BACKGROUND: Although omega-3 polyunsaturated fatty acids are known to have beneficial effects on cardiovascular diseases, their prognostic value has not been studied prospectively in patients with acute myocardial infarction (AMI).

METHODS AND RESULTS: The plasma levels of phospholipids, eicosapentaenoic acid (EPA) and docosahexaenoic acid (DHA) (% of total fatty acids), were measured in 508 patients (365 males; mean age, 63 years) with AMI. Clinical and biomarker predictors of all-cause and cardiovascular mortality were identified by stepwise Cox regression model. During a mean follow-up of 16.1 months, 36 (7.1%) patients died. After controlling for confounding variables, age (hazard ratio (HR): 1.09, P<0.001), renal insufficiency (HR: 2.84, P=0.01) and EPA level (HR: 0.29, P=0.004) were identified as independent predictors of all cause-mortality. When stratified by gender, age (HR: 1.08, P=0.001) and renal insufficiency (HR: 4.49, P=0.003) were predictors of all-cause-mortality in males, whereas EPA level (HR: 0.18, P=0.009) and angiotensin-converting enzyme inhibitor use (HR: 0.24, P=0.03) were identified as predictive of all-cause-mortality in females.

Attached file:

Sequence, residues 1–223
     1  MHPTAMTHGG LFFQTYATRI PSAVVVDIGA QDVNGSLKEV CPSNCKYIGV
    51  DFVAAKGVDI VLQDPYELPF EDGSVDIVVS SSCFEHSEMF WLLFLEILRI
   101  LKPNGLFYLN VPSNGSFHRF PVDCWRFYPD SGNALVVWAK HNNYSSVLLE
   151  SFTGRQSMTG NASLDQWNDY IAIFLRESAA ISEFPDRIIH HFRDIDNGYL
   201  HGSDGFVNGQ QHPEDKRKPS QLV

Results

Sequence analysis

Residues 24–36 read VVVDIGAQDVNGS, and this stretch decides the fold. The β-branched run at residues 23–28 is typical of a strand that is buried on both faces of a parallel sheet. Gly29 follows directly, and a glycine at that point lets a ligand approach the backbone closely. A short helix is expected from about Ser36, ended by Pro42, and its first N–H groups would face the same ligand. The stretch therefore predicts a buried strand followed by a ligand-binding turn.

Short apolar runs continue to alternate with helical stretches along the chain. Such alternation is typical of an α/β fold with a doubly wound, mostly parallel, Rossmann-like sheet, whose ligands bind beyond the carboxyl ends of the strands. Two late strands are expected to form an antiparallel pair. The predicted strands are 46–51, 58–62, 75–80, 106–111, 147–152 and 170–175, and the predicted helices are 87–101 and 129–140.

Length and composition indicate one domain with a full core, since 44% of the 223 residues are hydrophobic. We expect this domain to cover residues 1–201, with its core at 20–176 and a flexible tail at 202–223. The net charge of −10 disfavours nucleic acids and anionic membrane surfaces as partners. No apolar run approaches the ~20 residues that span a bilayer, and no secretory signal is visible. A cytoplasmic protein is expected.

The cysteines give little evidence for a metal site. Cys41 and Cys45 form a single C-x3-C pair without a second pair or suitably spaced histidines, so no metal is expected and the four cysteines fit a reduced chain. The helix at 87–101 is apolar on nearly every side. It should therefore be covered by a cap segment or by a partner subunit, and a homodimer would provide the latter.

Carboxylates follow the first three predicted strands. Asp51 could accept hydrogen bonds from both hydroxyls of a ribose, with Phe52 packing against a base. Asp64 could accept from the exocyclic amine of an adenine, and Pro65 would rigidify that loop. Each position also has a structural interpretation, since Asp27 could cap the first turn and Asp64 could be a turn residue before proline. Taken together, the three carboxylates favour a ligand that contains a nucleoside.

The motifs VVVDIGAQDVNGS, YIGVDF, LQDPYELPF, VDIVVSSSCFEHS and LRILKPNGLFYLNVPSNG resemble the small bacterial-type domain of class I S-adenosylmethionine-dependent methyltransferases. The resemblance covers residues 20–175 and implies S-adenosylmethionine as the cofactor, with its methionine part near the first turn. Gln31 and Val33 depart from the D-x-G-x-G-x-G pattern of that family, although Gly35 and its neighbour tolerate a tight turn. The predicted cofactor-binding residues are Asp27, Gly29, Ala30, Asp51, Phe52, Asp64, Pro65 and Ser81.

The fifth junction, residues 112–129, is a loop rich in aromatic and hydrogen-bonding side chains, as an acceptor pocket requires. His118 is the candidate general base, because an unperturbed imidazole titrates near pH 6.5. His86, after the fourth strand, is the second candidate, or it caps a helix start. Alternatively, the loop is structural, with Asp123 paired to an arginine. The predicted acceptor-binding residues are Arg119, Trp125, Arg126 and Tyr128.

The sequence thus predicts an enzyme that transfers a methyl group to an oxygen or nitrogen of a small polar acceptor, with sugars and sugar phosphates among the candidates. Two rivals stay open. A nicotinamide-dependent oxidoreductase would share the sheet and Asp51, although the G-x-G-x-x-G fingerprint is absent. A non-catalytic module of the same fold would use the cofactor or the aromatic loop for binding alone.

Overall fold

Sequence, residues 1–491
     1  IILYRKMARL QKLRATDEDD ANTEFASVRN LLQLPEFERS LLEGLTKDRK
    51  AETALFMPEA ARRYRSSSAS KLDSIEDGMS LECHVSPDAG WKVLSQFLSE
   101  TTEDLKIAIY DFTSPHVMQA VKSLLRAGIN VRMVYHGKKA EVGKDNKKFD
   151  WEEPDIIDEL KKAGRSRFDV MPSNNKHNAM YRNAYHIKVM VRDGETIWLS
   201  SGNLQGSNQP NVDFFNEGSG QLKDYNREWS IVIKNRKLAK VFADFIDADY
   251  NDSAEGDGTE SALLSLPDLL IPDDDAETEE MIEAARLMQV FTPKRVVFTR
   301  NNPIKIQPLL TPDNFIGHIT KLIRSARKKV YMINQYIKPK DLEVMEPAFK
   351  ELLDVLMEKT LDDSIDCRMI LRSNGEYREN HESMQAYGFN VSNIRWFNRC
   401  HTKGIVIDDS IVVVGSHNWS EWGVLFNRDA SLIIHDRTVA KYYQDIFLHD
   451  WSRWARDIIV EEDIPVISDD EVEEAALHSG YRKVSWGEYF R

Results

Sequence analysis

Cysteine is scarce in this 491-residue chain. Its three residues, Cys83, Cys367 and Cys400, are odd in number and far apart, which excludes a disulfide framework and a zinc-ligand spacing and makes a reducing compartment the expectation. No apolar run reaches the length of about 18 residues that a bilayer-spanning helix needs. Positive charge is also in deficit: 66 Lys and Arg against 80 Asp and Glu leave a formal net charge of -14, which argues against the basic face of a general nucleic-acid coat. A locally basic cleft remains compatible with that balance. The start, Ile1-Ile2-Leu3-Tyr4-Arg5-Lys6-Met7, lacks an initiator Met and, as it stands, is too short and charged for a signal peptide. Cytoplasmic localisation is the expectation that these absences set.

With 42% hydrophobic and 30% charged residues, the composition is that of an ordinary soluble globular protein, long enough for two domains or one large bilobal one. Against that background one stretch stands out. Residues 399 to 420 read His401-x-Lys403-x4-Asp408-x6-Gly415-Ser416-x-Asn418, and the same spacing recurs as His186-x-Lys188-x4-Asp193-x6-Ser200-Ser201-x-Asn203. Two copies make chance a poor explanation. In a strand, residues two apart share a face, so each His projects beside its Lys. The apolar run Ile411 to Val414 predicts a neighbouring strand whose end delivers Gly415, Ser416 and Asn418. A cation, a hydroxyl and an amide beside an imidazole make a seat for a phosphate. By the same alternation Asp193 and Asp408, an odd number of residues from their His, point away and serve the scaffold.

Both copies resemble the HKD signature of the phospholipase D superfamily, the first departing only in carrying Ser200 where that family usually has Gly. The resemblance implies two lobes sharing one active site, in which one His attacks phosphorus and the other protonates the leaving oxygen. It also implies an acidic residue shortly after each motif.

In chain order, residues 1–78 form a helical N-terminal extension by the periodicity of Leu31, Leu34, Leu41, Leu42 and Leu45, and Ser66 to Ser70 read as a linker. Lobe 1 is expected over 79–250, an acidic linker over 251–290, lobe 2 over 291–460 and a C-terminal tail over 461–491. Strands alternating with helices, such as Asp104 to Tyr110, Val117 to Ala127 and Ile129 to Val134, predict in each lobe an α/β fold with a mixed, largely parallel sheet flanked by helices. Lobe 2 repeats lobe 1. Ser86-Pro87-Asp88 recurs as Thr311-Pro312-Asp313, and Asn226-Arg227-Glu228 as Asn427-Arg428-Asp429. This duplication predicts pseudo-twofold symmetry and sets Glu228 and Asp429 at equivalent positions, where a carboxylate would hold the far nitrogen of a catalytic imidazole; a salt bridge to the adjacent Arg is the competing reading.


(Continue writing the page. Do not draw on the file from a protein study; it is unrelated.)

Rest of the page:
CONCLUSIONS: Lower plasma level of EPA, but not DHA, was an independent predictor for all-cause-mortality in patients with AMI, but this relationship was significant only in female patients.